April 5, 2023
Sanjay Goel, who is a serial entrepreneur, is the CEO and founder of NachoNacho. He is deeply interested in tech innovation and disruption. Sanjay enjoys building highly scalable startups, especially marketplaces.
Sanjay lived in 6 countries, and traveled in 88 countries, all 7 continents. He also speaks 6 languages to varying degrees.
Sanjay is also a helicopter and airplane pilot, skydiver, mountaineer, rock climber, ice-climber, skier, scuba diver, sailor, and windsurfer.
Julian: Hey everyone. Thankyou so much for joining the Behind Company Lines podcast. Today we have SanjayGoel, CEO and founder at NachoNacho. NachoNacho is a B2B SaaS marketplacepowered by FinTech. Sanjay, I'm so excited to chat with you, not only becauseyou have an extensive background in the startup space, building companies,investing in companies, and really just having an insight into, I think, whatmakes companies successful and and scalable and, and all that.
And, and also what you're working on atNachoNacho in. Connecting these a a lot of these as companies with theircustomers and finding unique ways to, help them not only expand their reach andtheir audience, but also helping companies purchase the right products and, andreally kind of manage that overall procurement process.
But before we get into all that, whatwere you doing before you started NachoNacho?
Sanjay: Hey Julian, great tobe with you today. So I, I'm a third time founder. And other than that, I'vehad a quite an extensive career in banking. So I was in New York and Londondoing banking derivative structured products in global financial markets.
Yeah. And before that I was an engineer.I was doing VSI design, designing memory ships and microprocessors. And also Iworked in Japan doing robotics research in a large Japanese company. So I'vehad a few careers.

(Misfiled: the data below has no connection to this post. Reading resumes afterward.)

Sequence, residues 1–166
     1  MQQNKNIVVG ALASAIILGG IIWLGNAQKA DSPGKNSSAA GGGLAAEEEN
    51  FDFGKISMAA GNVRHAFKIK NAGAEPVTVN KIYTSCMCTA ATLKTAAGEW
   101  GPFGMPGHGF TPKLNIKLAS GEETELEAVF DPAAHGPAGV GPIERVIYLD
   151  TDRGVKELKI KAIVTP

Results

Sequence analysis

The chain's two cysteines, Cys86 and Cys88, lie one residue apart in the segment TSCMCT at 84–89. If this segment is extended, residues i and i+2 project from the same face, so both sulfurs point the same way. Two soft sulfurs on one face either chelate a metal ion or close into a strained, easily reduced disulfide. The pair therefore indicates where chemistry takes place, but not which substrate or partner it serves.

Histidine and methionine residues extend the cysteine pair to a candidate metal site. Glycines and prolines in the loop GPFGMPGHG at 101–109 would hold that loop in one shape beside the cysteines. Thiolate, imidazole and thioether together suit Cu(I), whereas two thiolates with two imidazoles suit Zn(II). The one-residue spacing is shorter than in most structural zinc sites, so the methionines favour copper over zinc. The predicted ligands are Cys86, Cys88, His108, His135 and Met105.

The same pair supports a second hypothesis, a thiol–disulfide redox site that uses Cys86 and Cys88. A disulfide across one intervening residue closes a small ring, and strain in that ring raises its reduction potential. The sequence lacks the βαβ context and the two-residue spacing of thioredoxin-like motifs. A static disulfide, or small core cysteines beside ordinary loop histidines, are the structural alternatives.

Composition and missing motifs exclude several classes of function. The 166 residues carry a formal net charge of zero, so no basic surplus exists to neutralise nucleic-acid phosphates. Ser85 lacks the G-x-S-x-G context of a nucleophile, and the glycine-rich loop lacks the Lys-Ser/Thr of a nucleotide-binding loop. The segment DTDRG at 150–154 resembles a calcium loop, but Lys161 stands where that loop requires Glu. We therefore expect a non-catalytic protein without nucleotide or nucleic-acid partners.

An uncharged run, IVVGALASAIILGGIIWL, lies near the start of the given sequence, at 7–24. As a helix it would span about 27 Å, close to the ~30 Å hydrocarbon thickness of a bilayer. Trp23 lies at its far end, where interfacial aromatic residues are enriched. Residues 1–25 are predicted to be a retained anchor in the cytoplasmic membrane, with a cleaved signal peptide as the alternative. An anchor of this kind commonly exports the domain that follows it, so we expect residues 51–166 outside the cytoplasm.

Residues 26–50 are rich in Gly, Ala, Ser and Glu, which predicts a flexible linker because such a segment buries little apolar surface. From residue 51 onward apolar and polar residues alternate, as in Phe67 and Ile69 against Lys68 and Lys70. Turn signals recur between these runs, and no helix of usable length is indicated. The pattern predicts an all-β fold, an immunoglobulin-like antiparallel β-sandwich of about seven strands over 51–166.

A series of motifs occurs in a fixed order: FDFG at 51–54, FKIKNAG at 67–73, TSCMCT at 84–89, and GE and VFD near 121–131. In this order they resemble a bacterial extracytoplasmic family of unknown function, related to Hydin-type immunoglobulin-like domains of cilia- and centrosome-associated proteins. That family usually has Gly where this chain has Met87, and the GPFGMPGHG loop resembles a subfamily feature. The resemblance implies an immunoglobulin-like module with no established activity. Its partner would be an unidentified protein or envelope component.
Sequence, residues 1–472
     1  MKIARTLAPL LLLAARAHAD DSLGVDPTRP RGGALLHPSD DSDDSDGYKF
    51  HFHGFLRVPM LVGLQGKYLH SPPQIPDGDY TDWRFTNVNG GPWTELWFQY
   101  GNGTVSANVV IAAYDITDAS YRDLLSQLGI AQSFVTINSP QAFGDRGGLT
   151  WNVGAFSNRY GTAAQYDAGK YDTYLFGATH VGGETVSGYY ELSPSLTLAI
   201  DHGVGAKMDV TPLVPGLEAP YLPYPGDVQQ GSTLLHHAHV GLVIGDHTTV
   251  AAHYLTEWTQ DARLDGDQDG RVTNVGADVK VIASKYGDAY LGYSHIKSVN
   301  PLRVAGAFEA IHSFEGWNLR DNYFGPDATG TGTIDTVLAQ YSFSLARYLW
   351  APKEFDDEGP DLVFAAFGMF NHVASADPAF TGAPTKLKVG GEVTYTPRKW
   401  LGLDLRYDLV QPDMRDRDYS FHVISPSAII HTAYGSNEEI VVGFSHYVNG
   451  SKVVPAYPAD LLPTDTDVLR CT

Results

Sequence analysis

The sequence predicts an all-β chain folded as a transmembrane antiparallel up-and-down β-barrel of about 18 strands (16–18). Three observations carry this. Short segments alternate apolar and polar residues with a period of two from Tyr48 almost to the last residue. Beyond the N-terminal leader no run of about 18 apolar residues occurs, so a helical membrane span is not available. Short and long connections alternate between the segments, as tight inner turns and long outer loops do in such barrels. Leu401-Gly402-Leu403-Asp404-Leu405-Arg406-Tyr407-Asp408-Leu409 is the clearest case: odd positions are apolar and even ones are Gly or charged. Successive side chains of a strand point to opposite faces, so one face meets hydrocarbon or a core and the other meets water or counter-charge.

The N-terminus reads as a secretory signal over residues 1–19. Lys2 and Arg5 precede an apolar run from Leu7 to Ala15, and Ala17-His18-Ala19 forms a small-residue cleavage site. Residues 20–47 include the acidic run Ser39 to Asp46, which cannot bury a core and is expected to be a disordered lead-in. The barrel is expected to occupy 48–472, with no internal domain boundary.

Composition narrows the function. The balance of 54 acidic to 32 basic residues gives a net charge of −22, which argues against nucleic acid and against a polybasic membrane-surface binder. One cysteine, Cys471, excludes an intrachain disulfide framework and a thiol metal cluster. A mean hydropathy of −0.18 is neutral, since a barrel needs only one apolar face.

Julian: Yeah. Yeah. And justthinking about, your startup and startups.
Experience. I know you've not only gonethrough some acquisitions yourself, but you, you've invested in companies andI'm just curious for, for, the audience to kind of get some context, whenyou're thinking about investment and you think about startups, what makes orwhat are the components that makes a startup successful?
What do they have? What, whether it'sproduct market fit, or tight operation, if they're bootstrapped, what inparticular have you seen for companies? You feel will have long-term success.What are those kind of features that they have?
Sanjay: Yeah, no, I think soit comes down to two basics, right?
So like, coming down to basics is ideaand execution. So idea, inclusive vision, like what, what market are you goingafter? How big is your vision? Yeah. Are you going to make a substantial impactin the universe? And secondly, you have the tools to do it. Yeah. Which isreally your team, your experience and all of.
So, yeah, it's, it's really down to thebasics.
Julian: Yeah. And, and whenyou, when companies say, don't have a component of it, how, or I guess backbacktracking, what are some common ways that companies say are under-preparedto scale or under-prepared in terms of the market we're serving or don't havethat product market fit?
Are there some kind of common. Themesthat you see for companies that are successful in, in, in ways that they canactually improve to reach success? Anything come to mind?
Sanjay: Well, I think so the,one of the key qualifications of a founder, I, I think about twoqualifications. One is you have to be at least partially delusional.